The steel industry hopes to accomplish at least a part of that goal through a new consortium formed to oversee an ambitious two-year automotive design and engineering program. The program, ULSAB-AVC (Advanced Vehicle Concepts), broadens the ULSAB series of initiatives by going beyond the body-in-white to include closures, suspensions, engine cradle, and all structural and safety-related components. The consortium has commissioned Porsche Engineering Services Inc. (PES, Troy, MI) to undertake the program. PES will integrate automotive-industry feedback and the knowledge it has already acquired in the development of the ULSAB body structure into the new initiative.

Some of the breakthrough technology that the consortium hopes to explore in detail is:

Increased use of hydroforming, particularly in the production of large, thin-wall tube side-roof rails.

  • Further development of galvanized steel sheet for roofs, hoods, decklids, fenders, and other automotive components.

  • Increased use of tailor-welded steel sheet blanks to precisely place various steel grades and thicknesses within a part where their attributes are most needed.

  • Laser welding of automotive components as a subassembly.

In addition to using these technologies to improve the quality of steel automotive parts, the consortium also will investigate how to simplify the task of parts repair.

Aluminum's advances. Not to be outdone, the aluminum industry has its own agenda to further increase the interest of automakers. In a major coup, the 80-mpg PNGV project identified aluminum as one of the most promising technologies for meeting the program's goal of having production-ready prototype sedans by 2004 with a fuel economy of up to three times that of 1994 vehicles without compromising safety, size, utility, or cost.

Aluminum already has made inroads in these areas. For example, according to the latest Drucker Research Co. report, several 1999 model GM vehicles have significantly more aluminum content than the vehicles they replace, ranging from 224 lbs (27% increase) for the Sierra pickup to 485 lbs (20% increase) for the Cadillac Deville. The Ford F-series pickup leads the platform pack with more than 200 million lbs of aluminum used, while the Plymouth Prowler is the single-vehicle content leader at 963 lbs.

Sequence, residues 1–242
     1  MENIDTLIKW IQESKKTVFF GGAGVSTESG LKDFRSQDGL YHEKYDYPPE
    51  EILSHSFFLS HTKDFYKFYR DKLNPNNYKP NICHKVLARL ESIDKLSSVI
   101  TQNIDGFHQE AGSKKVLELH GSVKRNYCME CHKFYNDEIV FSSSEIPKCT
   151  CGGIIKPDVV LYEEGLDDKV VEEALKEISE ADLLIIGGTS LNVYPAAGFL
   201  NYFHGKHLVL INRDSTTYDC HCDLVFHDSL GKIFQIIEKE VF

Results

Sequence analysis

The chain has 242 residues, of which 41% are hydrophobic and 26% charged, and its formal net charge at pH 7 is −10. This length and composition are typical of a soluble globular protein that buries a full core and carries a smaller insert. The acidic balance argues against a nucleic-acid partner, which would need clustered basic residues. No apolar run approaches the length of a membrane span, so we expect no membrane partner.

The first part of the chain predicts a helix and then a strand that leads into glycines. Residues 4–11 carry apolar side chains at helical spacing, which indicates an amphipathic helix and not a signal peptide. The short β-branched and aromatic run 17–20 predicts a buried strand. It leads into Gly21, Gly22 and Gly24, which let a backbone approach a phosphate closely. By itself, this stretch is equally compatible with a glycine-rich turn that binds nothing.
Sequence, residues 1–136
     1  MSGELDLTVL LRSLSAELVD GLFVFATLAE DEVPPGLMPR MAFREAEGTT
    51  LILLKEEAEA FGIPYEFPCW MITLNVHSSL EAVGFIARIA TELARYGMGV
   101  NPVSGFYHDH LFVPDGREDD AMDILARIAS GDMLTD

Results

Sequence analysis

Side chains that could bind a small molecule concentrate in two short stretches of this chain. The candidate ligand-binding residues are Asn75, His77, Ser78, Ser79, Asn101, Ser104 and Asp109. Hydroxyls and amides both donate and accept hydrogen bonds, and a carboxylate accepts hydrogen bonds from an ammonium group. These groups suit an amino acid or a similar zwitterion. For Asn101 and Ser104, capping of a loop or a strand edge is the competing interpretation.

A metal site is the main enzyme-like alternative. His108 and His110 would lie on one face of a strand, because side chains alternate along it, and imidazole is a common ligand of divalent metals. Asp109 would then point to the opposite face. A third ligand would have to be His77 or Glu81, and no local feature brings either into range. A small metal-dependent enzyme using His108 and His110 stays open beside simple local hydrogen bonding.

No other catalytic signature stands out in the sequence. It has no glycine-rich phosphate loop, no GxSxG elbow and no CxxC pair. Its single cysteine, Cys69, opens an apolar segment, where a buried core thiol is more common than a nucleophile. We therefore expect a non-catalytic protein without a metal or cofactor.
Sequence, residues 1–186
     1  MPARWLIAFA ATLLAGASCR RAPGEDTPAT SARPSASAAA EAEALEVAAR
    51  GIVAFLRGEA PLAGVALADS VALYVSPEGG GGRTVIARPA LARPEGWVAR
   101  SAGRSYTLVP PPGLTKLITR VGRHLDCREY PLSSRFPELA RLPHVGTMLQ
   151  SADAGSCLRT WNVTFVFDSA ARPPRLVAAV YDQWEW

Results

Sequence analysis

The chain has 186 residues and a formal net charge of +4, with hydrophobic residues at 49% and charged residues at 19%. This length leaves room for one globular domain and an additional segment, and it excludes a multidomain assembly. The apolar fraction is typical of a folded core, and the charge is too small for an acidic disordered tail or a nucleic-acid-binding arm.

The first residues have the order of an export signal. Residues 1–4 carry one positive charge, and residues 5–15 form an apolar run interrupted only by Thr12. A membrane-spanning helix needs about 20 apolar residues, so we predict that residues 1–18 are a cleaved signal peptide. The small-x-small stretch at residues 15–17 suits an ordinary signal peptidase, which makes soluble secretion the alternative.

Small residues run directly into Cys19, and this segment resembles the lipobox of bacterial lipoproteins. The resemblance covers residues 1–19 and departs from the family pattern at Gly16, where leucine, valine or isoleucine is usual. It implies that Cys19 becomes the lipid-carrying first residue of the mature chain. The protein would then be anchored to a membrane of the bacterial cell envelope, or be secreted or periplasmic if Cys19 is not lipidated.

However, with steel producers breathing down their necks, the Aluminum Association recently revised its goals in an attempt to keep aluminum at the forefront of future auto designs. A recent publication of the association, "Aluminum Industry Roadmap for the Automotive Market: Enabling Technologies and Challenges for Body Structures and Closures," identifies many of the research needs. Action items include:

Develop processes and technologies to reduce the cost of ingot.

  • Improve understanding of the relationship of aluminum alloy composition and processing and its effect on microstructure and properties.

  • Develop improved casting processes (including continuous casting) to produce low-cost, defect-free sheet.

  • Establish common alloy and testing, i.e., reduce the number of alloy variants and test practices.

  • Develop advanced methods for integrating product design and the material and processing selection.

"The goal of our research is to increase the efficiency with which aluminum is used and to reduce the cost of the processes to convert it from an ingot/sheet/extrusion product into a serviceable part or an integral component of the vehicle," says John A.S. Green, the association's vice president, technology. "Essentially every R&D effort proposed contributes directly or indirectly to lowering the cost of using aluminum in automobiles."

Whatever the outcome of this materials war, one thing is certain: Auto makers and consumers alike are sure to benefit from any new developments that help make cars less costly to produce and more fuel efficient.